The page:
Planning for aftercare is a process, as Ms Tinsley has indicated. It should begin at 16 with an assessment that should be holistic and realistic in looking at the needs of the young person. It should consider practical skills required to live independently but also the range of social, educational and health needs of the young person. In doing so it should identify where the young person needs supports or additional preparation and guidance in developing other skills and abilities. This is incorporated into the leaving care plan, which will aid the preparation of the young person for leaving care and help put in place the resources and services needed when he or she reaches 18. It is a crucial that this begin at 16, in plenty of time to undertake this work with the young person. It must be completed at least six months before the young person turns 18 in order to allow time for the person to feel settled and ready for this monumental stage in life. Many young people have come to EPIC weeks or sometimes days before their 18th birthday with no aftercare plan and no idea where they will leave once they reach 18.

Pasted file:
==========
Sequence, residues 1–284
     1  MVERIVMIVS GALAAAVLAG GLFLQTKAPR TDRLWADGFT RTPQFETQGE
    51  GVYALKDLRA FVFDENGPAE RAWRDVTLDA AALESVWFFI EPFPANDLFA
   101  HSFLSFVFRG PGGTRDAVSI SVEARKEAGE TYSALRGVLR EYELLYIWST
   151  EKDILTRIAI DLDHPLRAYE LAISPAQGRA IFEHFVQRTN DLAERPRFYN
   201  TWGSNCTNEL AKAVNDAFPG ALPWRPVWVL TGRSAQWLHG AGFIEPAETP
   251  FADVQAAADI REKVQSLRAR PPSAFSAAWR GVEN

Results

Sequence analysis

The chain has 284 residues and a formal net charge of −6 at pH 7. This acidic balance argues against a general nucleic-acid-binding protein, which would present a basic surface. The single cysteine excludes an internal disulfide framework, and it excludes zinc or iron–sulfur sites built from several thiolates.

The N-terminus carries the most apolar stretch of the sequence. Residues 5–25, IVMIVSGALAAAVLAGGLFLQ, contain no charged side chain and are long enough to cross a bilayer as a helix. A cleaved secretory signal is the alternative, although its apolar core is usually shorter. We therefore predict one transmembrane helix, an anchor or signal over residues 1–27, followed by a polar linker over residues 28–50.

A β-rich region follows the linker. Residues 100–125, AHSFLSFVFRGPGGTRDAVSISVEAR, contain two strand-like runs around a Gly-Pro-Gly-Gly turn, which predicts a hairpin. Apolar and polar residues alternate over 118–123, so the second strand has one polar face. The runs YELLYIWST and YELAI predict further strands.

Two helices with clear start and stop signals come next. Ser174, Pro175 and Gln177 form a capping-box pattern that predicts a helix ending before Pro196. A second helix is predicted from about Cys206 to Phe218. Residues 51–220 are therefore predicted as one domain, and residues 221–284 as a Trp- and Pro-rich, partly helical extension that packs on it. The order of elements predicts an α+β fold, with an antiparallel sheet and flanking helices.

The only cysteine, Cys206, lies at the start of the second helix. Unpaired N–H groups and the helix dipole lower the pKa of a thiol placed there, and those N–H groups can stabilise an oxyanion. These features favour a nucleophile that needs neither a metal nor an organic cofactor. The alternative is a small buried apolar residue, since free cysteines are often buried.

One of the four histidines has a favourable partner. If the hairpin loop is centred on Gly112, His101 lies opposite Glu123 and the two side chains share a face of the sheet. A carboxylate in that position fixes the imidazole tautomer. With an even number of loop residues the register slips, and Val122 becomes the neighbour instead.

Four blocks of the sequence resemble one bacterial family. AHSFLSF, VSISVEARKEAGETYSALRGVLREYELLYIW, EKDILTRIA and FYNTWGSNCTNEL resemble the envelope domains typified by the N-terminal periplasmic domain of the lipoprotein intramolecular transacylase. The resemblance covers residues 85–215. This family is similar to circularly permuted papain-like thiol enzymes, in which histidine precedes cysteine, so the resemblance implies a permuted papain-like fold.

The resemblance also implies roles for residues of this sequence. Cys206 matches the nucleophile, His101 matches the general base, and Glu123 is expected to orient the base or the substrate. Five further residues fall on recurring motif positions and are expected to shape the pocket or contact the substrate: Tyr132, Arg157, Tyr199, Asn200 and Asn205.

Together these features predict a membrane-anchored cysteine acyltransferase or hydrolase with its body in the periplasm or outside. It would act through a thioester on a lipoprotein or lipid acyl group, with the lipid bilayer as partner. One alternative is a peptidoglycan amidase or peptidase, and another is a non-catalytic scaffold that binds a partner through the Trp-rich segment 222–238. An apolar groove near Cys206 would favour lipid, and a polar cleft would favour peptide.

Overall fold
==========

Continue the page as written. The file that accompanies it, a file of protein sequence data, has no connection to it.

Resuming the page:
The assessment process is necessary to inform the preparation for leaving care plan and ultimately arrive at the development of the aftercare plan. The aftercare plan cannot be divorced from the context of this ongoing assessment, preparation planning and review process. It is essential that every effort is made to engage with a young person in the assessment and planning process, and there is a much greater likelihood that when a young person is actively involved in the planning process, he or she will continue to engage with the aftercare worker and services after reaching 18. Implementation of the aftercare plan is the next phase of the process and should be regularly reviewed and revised as necessary; it should also be monitored to ensure the best possible outcome for the young person. However, we are concerned that there is no reference to implementation of the aftercare plan specifically in the Bill. In the absence of any legislative provision in the Bill for implementation, we are concerned that the supports and services required to meet the needs of this vulnerable group of young people, as identified in the aftercare plan, may not be effectively delivered.